At the forefront of the collection is one name splayed across many of these exhibit catalogs – Robert Huff himself, a former art professor and chairman at Miami Dade College. His stunning, three-dimensional visual style was celebrated throughout the decades as a welcome presence in Miami as his use of bright colors intersects with architectural designs to create pieces that are unexpectedly harmonious in spite of their disparate elements. Segmenting lines and geometrical shapes present in many of his artworks are where these elements meet and interact to create layered images that paint an urban jungle for its audience to be lured into, inviting them to traverse deeper into the story he tried to tell in each piece.

huff1

These catalogs serve as a celebration of his prominence and success here in Miami and will hopefully evoke the curiosity of future young artists and researchers who wish to delve deeper into his work and those of his contemporaries. We invite you all to come stop by and take a look through the exhibition catalogs to experience the way the urban art movement has shaped Miami’s cultural scene as a whole.

Capturing Florida’s local art scene is one of our key collecting areas here in Special Collections as we feel it has something unique and culturally significant to offer current and future generations. We are striving to document as much of it as possible before historical materials are lost or disappear into the ether (as so many websites do), so materials such as our newly acquired Robert Huff Collection have become crucial to our initiative to preserve Florida’s modern history with the same eclectic flair that we experience in our day-to-day lives living here in this energetic and artistically vibrant city.



Current Exhibition Extended Through July

We just received approval by Dean Charles Eckman to extend our current exhibition “The Pan American University: The Original Spirit of the U Lives On” through July 2016, so that the participants of the RBMS Conference could see it when they visit the Otto G. Richter Library in late June.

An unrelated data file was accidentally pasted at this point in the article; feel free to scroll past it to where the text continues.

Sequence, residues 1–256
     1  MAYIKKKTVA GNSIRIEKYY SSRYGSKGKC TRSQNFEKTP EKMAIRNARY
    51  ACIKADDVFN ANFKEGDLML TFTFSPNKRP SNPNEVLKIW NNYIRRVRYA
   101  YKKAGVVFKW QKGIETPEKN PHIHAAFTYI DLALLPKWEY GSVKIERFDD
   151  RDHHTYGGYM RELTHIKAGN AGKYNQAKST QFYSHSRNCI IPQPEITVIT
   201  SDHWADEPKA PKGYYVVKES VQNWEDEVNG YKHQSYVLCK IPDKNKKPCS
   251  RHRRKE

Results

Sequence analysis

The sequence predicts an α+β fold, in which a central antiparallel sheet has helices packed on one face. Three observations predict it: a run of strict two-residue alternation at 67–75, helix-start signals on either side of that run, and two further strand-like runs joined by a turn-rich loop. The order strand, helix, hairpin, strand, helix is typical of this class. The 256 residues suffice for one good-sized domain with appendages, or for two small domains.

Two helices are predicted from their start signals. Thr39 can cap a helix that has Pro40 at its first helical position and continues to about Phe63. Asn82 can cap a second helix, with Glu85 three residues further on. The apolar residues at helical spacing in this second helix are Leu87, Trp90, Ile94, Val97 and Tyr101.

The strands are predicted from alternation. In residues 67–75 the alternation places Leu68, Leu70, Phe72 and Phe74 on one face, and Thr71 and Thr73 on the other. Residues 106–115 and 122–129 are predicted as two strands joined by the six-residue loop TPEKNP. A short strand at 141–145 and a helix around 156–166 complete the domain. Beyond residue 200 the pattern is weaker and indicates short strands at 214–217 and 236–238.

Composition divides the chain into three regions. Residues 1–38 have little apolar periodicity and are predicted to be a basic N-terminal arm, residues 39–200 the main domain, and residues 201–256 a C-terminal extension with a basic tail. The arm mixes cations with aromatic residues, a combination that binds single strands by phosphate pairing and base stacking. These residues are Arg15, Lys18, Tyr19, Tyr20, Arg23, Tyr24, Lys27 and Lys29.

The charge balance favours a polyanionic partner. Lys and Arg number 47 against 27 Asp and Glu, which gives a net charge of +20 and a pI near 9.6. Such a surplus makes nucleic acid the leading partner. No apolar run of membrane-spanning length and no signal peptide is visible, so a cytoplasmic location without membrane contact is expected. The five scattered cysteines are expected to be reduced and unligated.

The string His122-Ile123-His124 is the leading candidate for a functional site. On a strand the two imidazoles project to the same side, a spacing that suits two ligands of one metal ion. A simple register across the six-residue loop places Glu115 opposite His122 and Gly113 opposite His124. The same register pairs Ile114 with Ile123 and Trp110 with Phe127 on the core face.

FYI, RBMS stands for Rare Books and Manuscripts Section of the Association of College and Research Libraries, which is a division of the American Library Association. This year the group meets in Miami from June 21 to 24 at the Biltmore Hotel for various programs. Please go to the link below for further information about the conference.

RBMS2016

We appreciate very much the opportunity to display University of Miami’s history as well as University Archives’ collections for the attendees of the Conference.



Objects in the Archive: Now on Display

objectsArchive_FINAL-withBlurb_webby Sarah Block, Library Communications

The exhibition features materials that highlight how the physical characteristics of objects can provide insightful clues about the past and inform the present.

Curated by Meiyolet Méndez, interim chair of the Cuban Heritage Collection, and Dr. Martin Tsang, UM Libraries CLIR Postdoctoral Fellow in History and Area Studies, Objects in the Archive includes three-dimensional objects related to education, industry, and religion in Cuba from the Collection and outside materials. They span commodities and marketing materials from the tobacco industry, Republic-era educational memorabilia, creative works such as artist’s books from Cuba’s Vigía collective, and a rich variety of religious objects.

Tsang, a former CHC Graduate Fellow, culled religious ornaments and sculpture, many from the Lydia Cabrera Papers, that document influences of Afro-Cuban religion on the island and largely informed his own doctoral work.

“As an anthropologist I’m very interested in these material objects that remain and the inspiration, symbolism, and value that is given to and contained in these materials.” In his ethnographic fieldwork Tsang, who is also an initiated Lukumí priest, has also studied Afro-Cuban religion in both Cuba and on our doorstep through interviews and objects including religious icons and Afro-Atlantic beaded art.

“In some cases,” he explains, “objects have their own lives. A sculpture, such as that of a deity, can be as meaningful in a person’s life far beyond the concept of an inanimate object, taking on its own biography.”

One such object, a cement figure with cowrie shell features honoring the deity Elegua, is featured in the exhibition courtesy of Biscayne National Park, where it was originally found and is part of a larger religious use study that Dr. Tsang has conducted there. “The materials used and the way it’s created offer insights about origins of time and place, and broader cultural patterns and mobility.”

Objects in the Archive is on view through August 2016.